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Trustee

Trustee references a person or entity in charge of managing assets protected through a trust. Trustees act as fiduciary for beneficiaries and are responsible for making solid financial decisions for their greater good.

Trustee also references the person in charge of managing personal and corporate bankruptcies. Bankruptcy trustees are appointed through the Department of Justice and responsible for managing court ordered sale of assets under Chapter 7 and distributing payments to creditors under Chapter 13.

Some of the more common types of trusts include testamentary, living trust, and irrevocable life insurance trust. Although several types of trusts exist, each consists of three parties including Trustor, Trustee, and Beneficiary.

Trustor refers to the individual who establishes the trust. Beneficiary refers to individuals designated to receive assets held within the trust. In the case of inheritance trusts, the Trustee is designated within the Trustor's legal Will.

Unlike probate estates in which the last Will is presented to probate court to establish a case, when trusts are established the Will becomes part of the trust. The Will provides directives regarding estate settlement procedures and designates beneficiaries to receive specific gifts.

Beneficiaries are often relatives of the Trustor, but can also include charitable organizations, institutes of higher education, research groups, and not-for-profit companies.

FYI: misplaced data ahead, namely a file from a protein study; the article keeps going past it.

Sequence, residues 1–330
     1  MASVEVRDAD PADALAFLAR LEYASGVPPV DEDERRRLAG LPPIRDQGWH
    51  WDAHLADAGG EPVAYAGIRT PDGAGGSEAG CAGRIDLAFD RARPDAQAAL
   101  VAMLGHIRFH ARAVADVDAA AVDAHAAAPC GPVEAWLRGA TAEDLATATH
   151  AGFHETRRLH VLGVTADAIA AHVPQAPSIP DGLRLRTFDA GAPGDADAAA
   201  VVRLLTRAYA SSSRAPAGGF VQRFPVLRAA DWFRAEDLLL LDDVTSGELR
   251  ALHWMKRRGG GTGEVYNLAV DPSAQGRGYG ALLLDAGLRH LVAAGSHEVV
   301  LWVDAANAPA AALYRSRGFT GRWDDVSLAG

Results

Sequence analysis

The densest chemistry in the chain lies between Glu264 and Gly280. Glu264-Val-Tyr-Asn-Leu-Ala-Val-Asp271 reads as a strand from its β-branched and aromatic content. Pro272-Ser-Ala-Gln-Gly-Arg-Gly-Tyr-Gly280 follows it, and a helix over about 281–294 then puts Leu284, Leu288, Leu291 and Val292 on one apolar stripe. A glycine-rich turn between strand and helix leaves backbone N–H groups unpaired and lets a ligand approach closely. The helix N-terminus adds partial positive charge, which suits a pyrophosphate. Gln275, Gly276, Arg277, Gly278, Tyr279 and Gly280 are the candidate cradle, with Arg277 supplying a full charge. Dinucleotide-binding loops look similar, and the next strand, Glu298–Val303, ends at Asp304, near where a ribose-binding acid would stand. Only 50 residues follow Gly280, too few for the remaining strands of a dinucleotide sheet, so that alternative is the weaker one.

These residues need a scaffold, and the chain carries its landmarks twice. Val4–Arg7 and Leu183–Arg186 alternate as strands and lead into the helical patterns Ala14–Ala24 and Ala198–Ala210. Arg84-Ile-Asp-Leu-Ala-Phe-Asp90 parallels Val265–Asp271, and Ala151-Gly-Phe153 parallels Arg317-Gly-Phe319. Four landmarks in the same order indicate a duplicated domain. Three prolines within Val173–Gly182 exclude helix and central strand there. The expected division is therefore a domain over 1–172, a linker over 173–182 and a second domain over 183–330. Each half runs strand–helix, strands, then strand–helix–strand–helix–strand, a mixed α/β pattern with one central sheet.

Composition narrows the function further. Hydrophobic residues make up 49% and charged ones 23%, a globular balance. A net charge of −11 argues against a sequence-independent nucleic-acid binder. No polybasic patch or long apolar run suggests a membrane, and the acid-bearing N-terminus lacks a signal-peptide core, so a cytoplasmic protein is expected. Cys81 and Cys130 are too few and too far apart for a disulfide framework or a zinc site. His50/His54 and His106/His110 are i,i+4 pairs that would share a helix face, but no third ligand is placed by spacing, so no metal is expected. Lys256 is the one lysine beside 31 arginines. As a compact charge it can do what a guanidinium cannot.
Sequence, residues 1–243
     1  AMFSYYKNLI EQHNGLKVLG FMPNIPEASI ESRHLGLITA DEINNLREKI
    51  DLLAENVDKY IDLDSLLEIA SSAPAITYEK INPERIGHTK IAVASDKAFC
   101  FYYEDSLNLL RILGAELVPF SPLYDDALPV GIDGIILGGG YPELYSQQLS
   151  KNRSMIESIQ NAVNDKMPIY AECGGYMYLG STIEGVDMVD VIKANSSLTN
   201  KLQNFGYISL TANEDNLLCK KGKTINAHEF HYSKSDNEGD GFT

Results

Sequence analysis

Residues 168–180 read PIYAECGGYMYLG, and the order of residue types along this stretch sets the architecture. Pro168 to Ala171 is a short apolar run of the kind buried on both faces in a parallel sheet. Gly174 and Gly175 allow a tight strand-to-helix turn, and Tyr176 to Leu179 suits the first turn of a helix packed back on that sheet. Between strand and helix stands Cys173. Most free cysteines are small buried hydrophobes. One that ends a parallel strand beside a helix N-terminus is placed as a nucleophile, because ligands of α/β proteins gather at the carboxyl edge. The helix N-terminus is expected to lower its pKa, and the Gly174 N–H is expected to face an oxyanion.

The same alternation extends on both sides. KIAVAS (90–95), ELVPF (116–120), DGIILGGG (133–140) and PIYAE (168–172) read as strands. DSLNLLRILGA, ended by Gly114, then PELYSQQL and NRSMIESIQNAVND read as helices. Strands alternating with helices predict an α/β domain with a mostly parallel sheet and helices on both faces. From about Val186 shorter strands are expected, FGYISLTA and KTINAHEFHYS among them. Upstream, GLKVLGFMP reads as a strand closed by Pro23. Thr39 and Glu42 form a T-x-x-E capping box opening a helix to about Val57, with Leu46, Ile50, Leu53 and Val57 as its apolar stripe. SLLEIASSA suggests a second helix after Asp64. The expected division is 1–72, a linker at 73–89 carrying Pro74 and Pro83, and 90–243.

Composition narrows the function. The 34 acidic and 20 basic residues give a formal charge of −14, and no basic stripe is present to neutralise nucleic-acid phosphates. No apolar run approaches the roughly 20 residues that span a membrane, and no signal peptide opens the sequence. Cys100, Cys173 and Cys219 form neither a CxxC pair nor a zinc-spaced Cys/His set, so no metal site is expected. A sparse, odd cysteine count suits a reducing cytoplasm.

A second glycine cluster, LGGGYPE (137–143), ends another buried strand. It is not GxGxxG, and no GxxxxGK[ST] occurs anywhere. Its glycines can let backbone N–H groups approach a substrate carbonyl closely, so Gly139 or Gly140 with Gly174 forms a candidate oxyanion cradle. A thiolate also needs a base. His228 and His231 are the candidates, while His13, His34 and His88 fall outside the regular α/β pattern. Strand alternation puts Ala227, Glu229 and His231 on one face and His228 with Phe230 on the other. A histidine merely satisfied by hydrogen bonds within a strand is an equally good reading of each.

Inheritance property placed into trusts is exempt from probate. Additionally, trust property is often exempt from both inheritance and estate tax. Although Trustee's are responsible for estate administration duties the process is less invasive than that of probate.

Property transferred to trusts can include anything owned by the Trustor. However, trusts are typically used only when estate value exceeds $100,000 because smaller estates can engage in estate planning strategies to exempt certain assets from undergoing the probate process.

Establishing a trust requires careful consideration, particularly when trusts are deemed irrevocable. Irrevocable trusts offer substantial flexibility, but once executed they cannot be changed.

Irrevocable life insurance trusts are used when estate value exceeds $2 million. Living trusts offer a private and probate-free option for transferring property after death. Testamentary trusts are used to transfer or conserve financial assets.

Establishing trusts can be a complicated matter which is best left in the hands of an estate planning attorney. Lawyers typically charge a flat fee which can range from under $100 to over $1000. Much depends on the type of trust and property included.

Entering into estate planning strategies is an essential part of life planning. In addition to safeguarding inheritance property against probate, trusts can minimize inheritance tax and ensure beneficiaries receive intended gifts.

We invite you to learn more about trusts and the importance of appointing an appropriate Trustee in our estate planning probate article library. We cover a wide range of topics including tips for hiring probate lawyers, choosing the right type of trust, and strategies to avoid probate.


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Published on March 25, 2011 at 03:20 AM

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